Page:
You will notice that the big jar on the right there, isn't full of garlic. Since we didn't have enough toes to fill it, Peggy wandered outside and came back in with a handful of Rosemary (who seems to be holding her own this year). Peg said this way we could try what all the food channels talked about when they mentioned "infused" olive oil. We could have stuck in a number of other things, as well, but this was what she wanted to start with...see how it comes out, etc.

Sam recommended that we wait a couple of weeks to let it infuse...flavor up the oil before we tried it. You know me...I could hardly wait to try it, so after about a week, I did. The oil is taking on a wonderful garlic taste and hopefully will get more flavorful as time goes on.

  Meanwhile, while Peg was busy in the computer room, I sneaked out a little spoonful of the garlic infused olive oil, took it in to Peg, who was totally preoccupied and tole her to taste what I had in the spoon. (I did this to her one time with a heaping big tablespoon of cod liver oil and 'innocently' told her to taste it, not telling her what is was. She absolutely refused, so I put the whole spoonful in my own mouth and pretended it was yummy, but she still wouldn't do it. Gah! I 'scolded' her,"Do you know what I went through trying not to show I was gagging?" It was horrible. Curses! "hoist with my own petard", like  Peg's ol' Shakespeare liked to say.)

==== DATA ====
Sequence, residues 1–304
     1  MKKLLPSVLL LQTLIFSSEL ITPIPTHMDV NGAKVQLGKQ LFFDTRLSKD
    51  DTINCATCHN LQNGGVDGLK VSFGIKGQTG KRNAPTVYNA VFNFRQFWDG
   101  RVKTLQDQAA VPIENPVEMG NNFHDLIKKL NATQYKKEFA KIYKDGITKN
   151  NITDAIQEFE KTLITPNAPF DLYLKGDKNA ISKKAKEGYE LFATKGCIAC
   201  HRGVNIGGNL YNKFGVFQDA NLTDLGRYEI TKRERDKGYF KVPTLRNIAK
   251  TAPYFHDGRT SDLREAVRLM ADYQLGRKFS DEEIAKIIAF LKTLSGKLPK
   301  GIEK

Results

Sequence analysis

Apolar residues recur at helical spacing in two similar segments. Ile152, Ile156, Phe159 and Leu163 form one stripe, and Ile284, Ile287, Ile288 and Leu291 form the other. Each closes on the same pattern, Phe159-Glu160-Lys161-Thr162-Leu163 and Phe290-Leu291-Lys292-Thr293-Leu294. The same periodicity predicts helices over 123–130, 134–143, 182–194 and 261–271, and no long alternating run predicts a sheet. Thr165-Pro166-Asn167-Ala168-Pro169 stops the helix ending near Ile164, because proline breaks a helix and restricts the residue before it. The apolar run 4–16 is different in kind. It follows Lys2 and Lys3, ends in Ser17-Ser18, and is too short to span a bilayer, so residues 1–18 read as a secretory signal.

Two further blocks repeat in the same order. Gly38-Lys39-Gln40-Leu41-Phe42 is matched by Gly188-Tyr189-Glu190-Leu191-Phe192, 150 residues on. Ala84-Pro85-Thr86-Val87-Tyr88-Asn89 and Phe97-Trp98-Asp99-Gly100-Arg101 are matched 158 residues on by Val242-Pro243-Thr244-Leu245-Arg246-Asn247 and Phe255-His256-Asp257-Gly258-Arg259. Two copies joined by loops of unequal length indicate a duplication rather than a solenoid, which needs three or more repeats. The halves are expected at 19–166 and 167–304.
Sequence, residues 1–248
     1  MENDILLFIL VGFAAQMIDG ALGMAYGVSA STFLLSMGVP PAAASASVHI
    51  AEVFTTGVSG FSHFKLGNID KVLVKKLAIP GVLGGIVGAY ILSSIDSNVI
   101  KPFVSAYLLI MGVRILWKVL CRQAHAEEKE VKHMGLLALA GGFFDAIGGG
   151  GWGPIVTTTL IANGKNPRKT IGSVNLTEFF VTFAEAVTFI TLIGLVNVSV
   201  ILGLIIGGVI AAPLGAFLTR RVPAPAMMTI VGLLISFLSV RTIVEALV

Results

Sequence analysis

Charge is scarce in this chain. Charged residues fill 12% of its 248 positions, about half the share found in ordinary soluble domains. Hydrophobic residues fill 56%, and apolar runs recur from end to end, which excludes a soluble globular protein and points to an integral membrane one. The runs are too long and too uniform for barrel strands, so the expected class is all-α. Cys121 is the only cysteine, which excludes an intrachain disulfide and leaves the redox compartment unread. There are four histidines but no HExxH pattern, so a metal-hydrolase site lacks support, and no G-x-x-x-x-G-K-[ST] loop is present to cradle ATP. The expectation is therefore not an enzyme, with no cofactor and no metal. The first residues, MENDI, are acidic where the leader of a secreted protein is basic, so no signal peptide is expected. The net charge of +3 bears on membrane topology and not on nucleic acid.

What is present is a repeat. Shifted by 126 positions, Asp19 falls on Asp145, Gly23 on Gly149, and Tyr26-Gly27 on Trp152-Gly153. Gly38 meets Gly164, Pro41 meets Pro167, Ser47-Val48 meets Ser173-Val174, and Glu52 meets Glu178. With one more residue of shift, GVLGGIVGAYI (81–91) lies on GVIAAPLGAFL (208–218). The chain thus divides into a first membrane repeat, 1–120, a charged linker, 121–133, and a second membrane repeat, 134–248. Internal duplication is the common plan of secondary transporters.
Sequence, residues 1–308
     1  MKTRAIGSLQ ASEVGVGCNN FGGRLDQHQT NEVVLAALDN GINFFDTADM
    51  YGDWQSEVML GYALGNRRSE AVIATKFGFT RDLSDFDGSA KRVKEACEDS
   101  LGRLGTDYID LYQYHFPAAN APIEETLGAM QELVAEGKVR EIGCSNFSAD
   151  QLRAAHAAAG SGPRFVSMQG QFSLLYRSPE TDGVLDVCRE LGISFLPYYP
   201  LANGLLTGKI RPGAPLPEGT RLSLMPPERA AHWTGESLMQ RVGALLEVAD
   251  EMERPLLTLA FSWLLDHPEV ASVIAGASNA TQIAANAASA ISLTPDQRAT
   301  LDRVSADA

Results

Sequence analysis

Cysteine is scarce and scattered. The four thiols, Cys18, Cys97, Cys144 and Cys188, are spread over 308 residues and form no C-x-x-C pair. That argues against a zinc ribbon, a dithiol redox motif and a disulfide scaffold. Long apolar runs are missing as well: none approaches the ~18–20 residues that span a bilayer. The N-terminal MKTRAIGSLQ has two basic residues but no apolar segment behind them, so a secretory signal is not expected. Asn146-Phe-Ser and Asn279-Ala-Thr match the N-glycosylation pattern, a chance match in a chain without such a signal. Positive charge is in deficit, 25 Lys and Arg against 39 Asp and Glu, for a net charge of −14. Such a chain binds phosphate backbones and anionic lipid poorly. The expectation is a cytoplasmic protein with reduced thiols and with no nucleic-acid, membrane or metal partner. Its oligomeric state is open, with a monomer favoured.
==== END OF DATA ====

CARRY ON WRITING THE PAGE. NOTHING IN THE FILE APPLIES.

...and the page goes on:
So now back to the other day, she musta not trusted me now, an' that was years ago. She sipped a tiny bit of the garlic olive oil and said, "Gah! It almost tastes like fish oil...what is it?"